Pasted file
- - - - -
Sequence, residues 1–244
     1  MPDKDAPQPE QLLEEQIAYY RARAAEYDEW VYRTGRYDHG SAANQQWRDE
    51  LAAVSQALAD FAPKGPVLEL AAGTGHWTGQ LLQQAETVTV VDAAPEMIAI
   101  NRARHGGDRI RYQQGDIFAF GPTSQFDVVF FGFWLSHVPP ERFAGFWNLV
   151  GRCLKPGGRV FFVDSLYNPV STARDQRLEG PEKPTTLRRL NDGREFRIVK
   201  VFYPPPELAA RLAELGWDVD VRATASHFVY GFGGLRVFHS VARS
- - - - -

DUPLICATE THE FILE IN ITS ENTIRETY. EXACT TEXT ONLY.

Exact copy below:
Sequence, residues 1–244
     1  MPDKDAPQPE QLLEEQIAYY RARAAEYDEW VYRTGRYDHG SAANQQWRDE
    51  LAAVSQALAD FAPKGPVLEL AAGTGHWTGQ LLQQAETVTV VDAAPEMIAI
   101  NRARHGGDRI RYQQGDIFAF GPTSQFDVVF FGFWLSHVPP ERFAGFWNLV
   151  GRCLKPGGRV FFVDSLYNPV STARDQRLEG PEKPTTLRRL NDGREFRIVK
   201  VFYPPPELAA RLAELGWDVD VRATASHFVY GFGGLRVFHS VARS